Sunday, May 17, 2009

WolframApha, a new kind of search

Wolfram Reseach, developer for Mathematica, has just launched the WolframAlpha (Computational Knowledge Engine).

If you want to find out what it can do, watch this introduction. I am sure you will be impressed.

You can even find out the details of genome sequence ( AAGCTAGCTAGC ) or plot this function ( plot sin(x*x+y*y) ):

Wednesday, May 13, 2009


Today, I received this from my 'the other email':
Once upon a time, a very strong woodcutter asked for a job in a timber merchant, and he got it. The pay was really good and so were the work conditions. For that reason, the woodcutter was determined to do his best.

His boss gave him an axe and showed him the area where he was supposed to work.

The first day, the woodcutter brought down 18 trees.

"Congratulations," the boss said. "Go on that way!"

Very motivated for the boss’ words, the woodcutter tried harder the next day, but he only could bring down 15 trees. The third day he tried even harder, but he only could cut 10 trees. Day after day he was bringing down lesser and lesser trees.

"I must be losing my strength", the woodcutter thought. He went to the boss and apologized, saying that he could not understand what was going on.

"When was the last time you sharpened your axe?" the boss asked.

"Sharpen my axe? I have no time to sharpen my axe, I have been very busy trying to cut trees..."

by Stephen Covey, 7 Habits of Highly Effective People:
  • Habit 1: Be Proactive: Principles of Personal Choice
  • Habit 2: Begin with the End in Mind: Principles of Personal Vision
  • Habit 3: Put First Things First: Principles of Integrity & Execution
  • Habit 4: Think Win/Win: Principles of Mutual Benefit
  • Habit 5: Seek First to Understand, Then to be Understood: Principles of Mutual Understanding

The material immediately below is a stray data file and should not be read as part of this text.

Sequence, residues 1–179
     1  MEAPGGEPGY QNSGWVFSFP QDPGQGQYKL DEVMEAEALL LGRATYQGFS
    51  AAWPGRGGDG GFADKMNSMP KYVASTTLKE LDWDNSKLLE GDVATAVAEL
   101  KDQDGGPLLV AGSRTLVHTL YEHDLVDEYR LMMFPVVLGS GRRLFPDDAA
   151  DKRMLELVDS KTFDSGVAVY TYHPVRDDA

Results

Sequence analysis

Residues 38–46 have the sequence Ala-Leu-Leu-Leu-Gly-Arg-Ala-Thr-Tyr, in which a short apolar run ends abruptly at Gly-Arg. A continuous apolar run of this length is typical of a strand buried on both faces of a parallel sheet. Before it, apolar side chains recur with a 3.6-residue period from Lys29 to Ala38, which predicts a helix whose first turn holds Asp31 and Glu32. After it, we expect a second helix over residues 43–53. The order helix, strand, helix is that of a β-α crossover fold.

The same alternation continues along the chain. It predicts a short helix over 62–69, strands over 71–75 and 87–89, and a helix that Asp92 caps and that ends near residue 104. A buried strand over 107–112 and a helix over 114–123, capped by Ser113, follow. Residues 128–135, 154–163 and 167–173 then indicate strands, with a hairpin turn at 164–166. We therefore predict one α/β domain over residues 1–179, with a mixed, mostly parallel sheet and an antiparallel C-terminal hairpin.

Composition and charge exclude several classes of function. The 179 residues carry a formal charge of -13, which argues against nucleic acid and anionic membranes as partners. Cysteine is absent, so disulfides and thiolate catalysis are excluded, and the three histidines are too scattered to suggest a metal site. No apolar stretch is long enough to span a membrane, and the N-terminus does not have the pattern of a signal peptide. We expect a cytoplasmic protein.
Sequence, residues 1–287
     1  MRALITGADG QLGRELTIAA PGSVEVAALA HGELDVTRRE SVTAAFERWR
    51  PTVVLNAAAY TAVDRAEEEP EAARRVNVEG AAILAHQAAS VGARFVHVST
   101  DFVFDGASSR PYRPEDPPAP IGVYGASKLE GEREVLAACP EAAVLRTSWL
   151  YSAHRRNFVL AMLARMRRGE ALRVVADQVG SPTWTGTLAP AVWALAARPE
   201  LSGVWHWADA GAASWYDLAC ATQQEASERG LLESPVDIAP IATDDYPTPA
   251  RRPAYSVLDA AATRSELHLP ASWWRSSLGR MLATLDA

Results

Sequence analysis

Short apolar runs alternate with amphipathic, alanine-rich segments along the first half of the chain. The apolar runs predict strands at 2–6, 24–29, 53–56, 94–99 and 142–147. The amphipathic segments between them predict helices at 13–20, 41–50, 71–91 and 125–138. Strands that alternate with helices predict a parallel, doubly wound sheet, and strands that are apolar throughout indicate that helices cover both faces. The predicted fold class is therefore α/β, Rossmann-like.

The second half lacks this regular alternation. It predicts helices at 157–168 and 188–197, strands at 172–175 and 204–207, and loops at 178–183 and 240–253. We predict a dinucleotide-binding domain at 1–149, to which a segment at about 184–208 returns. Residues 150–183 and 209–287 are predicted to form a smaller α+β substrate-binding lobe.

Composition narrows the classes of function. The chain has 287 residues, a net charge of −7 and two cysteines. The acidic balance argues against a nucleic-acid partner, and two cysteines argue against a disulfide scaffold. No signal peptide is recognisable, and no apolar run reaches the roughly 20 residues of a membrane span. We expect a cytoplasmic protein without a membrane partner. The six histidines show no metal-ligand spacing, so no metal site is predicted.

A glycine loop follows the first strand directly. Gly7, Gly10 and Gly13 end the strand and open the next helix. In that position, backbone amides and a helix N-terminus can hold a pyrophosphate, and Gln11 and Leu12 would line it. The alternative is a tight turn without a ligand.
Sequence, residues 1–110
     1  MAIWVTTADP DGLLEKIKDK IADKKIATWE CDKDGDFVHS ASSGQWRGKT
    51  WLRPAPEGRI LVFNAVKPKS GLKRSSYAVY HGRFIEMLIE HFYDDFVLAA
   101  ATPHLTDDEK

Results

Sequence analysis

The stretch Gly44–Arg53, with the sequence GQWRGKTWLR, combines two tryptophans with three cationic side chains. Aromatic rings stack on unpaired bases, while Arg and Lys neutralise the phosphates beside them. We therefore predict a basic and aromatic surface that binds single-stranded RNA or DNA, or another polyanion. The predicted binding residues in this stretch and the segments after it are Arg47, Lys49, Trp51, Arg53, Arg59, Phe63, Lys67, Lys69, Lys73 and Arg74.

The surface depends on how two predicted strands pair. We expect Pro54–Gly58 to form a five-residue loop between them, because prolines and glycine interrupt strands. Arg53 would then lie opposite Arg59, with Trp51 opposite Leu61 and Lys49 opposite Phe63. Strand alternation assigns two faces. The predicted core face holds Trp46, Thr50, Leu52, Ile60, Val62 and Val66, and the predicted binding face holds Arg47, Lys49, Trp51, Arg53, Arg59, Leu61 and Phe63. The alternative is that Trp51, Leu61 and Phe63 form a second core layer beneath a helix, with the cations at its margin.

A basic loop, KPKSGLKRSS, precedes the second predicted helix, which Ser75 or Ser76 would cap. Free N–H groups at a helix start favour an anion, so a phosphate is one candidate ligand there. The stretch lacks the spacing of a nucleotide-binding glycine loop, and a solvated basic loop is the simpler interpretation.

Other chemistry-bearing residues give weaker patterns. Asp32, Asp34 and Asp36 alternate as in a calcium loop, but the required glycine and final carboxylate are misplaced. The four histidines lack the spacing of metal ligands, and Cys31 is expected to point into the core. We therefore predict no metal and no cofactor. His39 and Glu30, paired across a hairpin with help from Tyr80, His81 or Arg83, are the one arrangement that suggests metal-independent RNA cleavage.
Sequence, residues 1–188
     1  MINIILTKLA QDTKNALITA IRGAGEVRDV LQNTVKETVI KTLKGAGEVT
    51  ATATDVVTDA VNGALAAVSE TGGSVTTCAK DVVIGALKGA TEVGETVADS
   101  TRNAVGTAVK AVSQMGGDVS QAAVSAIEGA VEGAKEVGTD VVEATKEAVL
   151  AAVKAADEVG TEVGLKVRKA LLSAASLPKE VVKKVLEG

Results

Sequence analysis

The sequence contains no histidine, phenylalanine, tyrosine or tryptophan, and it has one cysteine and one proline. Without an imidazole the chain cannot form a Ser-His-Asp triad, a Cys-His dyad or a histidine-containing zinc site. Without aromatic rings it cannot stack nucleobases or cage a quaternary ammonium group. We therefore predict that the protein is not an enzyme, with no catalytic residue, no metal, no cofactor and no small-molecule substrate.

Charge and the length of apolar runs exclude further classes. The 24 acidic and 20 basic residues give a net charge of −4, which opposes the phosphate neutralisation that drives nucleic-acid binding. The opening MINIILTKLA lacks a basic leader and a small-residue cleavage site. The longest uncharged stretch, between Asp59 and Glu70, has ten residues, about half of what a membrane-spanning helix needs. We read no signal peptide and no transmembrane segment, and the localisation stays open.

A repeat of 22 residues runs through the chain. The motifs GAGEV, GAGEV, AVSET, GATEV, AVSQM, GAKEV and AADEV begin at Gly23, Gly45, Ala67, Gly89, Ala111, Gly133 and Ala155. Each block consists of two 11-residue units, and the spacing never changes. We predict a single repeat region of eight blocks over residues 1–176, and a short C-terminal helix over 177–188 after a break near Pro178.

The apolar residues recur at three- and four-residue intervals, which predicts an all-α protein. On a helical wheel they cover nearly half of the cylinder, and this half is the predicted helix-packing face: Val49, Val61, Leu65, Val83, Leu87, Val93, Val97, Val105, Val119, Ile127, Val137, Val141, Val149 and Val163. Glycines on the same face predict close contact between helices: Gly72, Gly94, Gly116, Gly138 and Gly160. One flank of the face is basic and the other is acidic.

• Habit 6: Synergize: Principles of Creative Cooperation
  • Habit 7: Sharpen the Saw: Principles of Balanced Self-Renewal


Which Process Deleted My File ?

Ever asked this question before: "Which process deleted my file ?". In Solaris 10, you can rely on DTrace to help you to figure that out. A simple one-liner is all your need.

# dtrace -qn 'syscall::unlink:entry {printf("PID=%d, CMD=%s, FILE=%s\n", pid, curpsinfo->pr_psargs, copyinstr(arg0));}'
PID=26993, CMD=/usr/sbin/cron, FILE=/tmp/croutTKG5dKjU0
PID=26993, CMD=/usr/sbin/cron, FILE=/tmp/croutUKG6dKjU0
PID=13668, CMD=/usr/bin/mail chihung, FILE=/var/tmp/mail5iaGSA
PID=10389, CMD=/usr/sbin/cron, FILE=/tmp/croutLIEDWaOsu
PID=13669, CMD=/usr/lib/sendmail -oi -- chihung, FILE=./xfn4DCU0Ua013669
PID=26993, CMD=/usr/sbin/cron, FILE=/tmp/croutVKG7dKjU0
PID=13678, CMD=/usr/bin/mail chihung, FILE=/var/tmp/mailq0aWTA
PID=13679, CMD=/usr/lib/sendmail -oi -- chihung, FILE=./xfn4DCV0BF013679
PID=26993, CMD=/usr/sbin/cron, FILE=/tmp/croutWKG8dKjU0
PID=13689, CMD=/usr/bin/mail chihung, FILE=/var/tmp/mailtFaiVA
PID=13690, CMD=/usr/lib/sendmail -oi -- chihung, FILE=./xfn4DCW0qf013690

In UNIX, the system call to delete/remove file is "unlink" and you can see that the "path" of the file to be deleted is the only parameter passed to the function call and that's why we de-reference the pointer using copyinstr(arg0)

# man -s 2 unlink
System Calls                                            unlink(2)

     unlink, unlinkat - remove directory entry


     int unlink(const char *path);

     int unlinkat(int dirfd, const char *path, int flag);

     The unlink() function removes a link  to  a  file.  If  path
     names  a  symbolic  link, unlink() removes the symbolic link
     named by path and does not  affect  any  file  or  directory
     named by the contents of the symbolic link.
      Otherwise, unlink() removes the link named by the  pathname
     pointed to by path and decrements the link count of the file
     referenced by the link.

Wanna to learn that, here are some tutorial materal I gathered from the web:

You may also want to download the DTraceToolkit to see how powerful DTrace is.